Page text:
Begin it where warm waters halt (where the Firehole and Gibbon rivers end)
              And take it in the canyon down (Madison Canyon)
              Not far, but too far to walk (Drive)
              Put in below the home of Brown (Nine Mile Hole)

              From there it's no place for the meek (Crossing the Madison)
              The end is ever drawing nigh (The rivulet that drains into Nine Mile Hole)
              There'll be no paddle up your creek (Because it's a tiny rivulet)
              Just heavy loads and water high (Lodgepoles, deadfall, and a crystalline springhead pond)

              The pond does not exist today, and has been gone for nearly 30 years. This makes it tricky to locate its precise location.

              And finally, of course, there's the blaze. I'm still thinking about that one.

              Comment


              • #8
                Must Listengood, thehomeofBrown.com, when I first homed in on Nine Mile Hole and that little rivulet, I saw something on Google Earth that caught my eye. Maybe it's nothing, but given what's been uncovered about the long lost crystalline pond (a quarter mile away from the river), let me ask you something:

                What do you think the white object in these Google Earth images is? The spot is 1200 feet from where the rivulet dumps into Nine Mile Hole.

                Click image for larger version  Name:	BlazeWide.png Views:	0 Size:	2.54 MB ID:	285103

                Click image for larger version  Name:	BlazeClose.png Views:	0 Size:	985.5 KB ID:	285104

                Question to consider: Was anyone within 200/500 feet of that white object? I would think that's unlikely.
                Last edited by Vertigo; 05-09-2021, 04:56 PM.

                Comment


                • #9
                  Fenn would never put the treasure in a place or story you could google.

                  Comment


                  • #10
                    I would be surprised if Dal has been within 100 yards of that spot for sure. I don't know what the white dot is, but I think it's just a bright reflection off a stump or log, but there is no way of knowing. It is unlikely to be anything significant.

                    It's hard to see where the secret pond could be (or could have been). I'm not seeing anything that would give its location away. Here is another aerial:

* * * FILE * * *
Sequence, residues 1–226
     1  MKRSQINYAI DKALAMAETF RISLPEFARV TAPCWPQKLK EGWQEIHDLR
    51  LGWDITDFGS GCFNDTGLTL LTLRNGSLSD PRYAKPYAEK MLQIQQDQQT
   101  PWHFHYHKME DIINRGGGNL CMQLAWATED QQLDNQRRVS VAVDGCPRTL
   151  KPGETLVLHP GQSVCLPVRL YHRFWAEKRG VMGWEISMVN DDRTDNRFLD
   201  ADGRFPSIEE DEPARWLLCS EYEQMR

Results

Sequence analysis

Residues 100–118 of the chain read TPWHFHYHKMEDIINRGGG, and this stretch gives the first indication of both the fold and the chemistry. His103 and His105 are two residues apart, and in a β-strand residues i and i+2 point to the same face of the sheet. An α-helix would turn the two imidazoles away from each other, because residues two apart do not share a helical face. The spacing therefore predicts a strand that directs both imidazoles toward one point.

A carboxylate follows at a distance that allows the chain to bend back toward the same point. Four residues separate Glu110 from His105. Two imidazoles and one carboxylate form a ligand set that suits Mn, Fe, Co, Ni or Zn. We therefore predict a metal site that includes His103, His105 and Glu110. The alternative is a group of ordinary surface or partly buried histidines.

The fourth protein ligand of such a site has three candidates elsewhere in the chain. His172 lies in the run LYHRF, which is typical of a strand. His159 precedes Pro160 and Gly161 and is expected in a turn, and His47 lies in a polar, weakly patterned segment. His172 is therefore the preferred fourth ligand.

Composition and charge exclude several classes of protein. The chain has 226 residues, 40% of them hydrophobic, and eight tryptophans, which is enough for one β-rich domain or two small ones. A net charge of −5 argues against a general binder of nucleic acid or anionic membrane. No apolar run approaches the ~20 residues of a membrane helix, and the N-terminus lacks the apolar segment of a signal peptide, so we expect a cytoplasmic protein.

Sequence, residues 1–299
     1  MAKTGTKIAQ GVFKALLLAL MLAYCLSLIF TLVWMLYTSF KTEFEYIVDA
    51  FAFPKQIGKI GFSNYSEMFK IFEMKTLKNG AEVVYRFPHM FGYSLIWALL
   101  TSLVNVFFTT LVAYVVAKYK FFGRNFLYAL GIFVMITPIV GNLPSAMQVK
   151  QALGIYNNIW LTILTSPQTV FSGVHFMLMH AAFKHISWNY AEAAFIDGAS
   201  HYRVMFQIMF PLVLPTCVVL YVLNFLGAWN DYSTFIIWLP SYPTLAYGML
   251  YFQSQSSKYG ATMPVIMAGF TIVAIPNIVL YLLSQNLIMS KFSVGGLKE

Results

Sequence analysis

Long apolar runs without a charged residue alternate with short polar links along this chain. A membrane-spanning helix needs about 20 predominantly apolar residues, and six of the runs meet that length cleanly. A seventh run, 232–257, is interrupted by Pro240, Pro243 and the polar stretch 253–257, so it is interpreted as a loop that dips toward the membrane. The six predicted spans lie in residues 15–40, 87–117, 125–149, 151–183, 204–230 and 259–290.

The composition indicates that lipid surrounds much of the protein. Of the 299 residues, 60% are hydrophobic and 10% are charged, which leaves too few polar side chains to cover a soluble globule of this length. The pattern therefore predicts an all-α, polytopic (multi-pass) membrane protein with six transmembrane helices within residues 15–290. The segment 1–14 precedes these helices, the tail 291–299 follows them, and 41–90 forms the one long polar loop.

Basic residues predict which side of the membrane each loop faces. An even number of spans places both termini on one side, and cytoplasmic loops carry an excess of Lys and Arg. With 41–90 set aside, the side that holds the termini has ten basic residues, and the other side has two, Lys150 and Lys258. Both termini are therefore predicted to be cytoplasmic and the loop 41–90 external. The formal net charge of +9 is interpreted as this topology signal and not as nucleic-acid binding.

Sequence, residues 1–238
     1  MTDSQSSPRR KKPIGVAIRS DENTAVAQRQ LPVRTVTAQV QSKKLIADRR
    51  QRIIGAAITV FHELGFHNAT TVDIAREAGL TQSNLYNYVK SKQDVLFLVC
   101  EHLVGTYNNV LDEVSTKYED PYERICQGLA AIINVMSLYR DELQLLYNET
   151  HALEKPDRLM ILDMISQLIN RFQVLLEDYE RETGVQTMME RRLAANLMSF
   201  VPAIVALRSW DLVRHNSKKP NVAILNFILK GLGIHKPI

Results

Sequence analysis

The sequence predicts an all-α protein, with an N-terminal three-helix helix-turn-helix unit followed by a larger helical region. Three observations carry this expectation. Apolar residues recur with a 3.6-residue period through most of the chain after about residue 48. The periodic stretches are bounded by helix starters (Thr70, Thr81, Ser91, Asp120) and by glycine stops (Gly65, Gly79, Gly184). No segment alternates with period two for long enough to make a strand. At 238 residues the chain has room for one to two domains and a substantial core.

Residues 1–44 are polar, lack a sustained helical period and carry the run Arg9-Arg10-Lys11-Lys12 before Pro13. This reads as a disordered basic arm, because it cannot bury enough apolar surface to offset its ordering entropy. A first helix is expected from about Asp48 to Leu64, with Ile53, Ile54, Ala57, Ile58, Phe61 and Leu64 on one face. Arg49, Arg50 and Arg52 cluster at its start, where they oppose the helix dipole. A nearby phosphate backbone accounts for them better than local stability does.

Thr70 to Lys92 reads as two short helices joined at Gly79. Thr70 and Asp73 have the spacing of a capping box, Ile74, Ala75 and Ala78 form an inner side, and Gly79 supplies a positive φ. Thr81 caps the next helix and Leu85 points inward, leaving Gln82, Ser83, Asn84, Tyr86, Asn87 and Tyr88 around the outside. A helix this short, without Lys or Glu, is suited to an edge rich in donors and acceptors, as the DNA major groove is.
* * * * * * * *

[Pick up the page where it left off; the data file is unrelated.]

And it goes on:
Click image for larger version

Name:	12 9 mile hole ESRI clarity.JPG
Views:	1863
Size:	501.5 KB
ID:	285133

                    Comment


                    • #11
                      Originally posted by Must Listengood View Post
                      I would be surprised if Dal has been within 100 yards of that spot for sure. I don't know what the white dot is, but I think it's just a bright reflection off a stump or log, but there is no way of knowing. It is unlikely to be anything significant.

                      It's hard to see where the secret pond could be (or could have been). I'm not seeing anything that would give its location away. Here is another aerial:

                      Click image for larger version

Name:	12 9 mile hole ESRI clarity.JPG
Views:	1863
Size:	501.5 KB
ID:	285133
                      It may not be necessary to reach the location of the lost pond. Water high can possibly be the water of the rivulet streaming down from higher ground. So we can start at the mouth where it drains into Nine Mile Hole and walk up, searching for the blaze in or beside the rivulet. If the 500 feet comment relates to this location, then the max we would have to walk up the creek is probably 400 feet. Where the rivulet goes through taller pines looks most promising.

                      Comment


                      • #12
                        Originally posted by Vertigo View Post

                        It may not be necessary to reach the location of the lost pond. Water high can possibly be the water of the rivulet streaming down from higher ground. So we can start at the mouth where it drains into Nine Mile Hole and walk up, searching for the blaze in or beside the rivulet. If the 500 feet comment relates to this location, then the max we would have to walk up the creek is probably 400 feet. Where the rivulet goes through taller pines looks most promising.
                        I agree. I hope I get to see it someday either on video or (not likely) in person.

                        Comment


                        • #13
                          Originally posted by Must Listengood View Post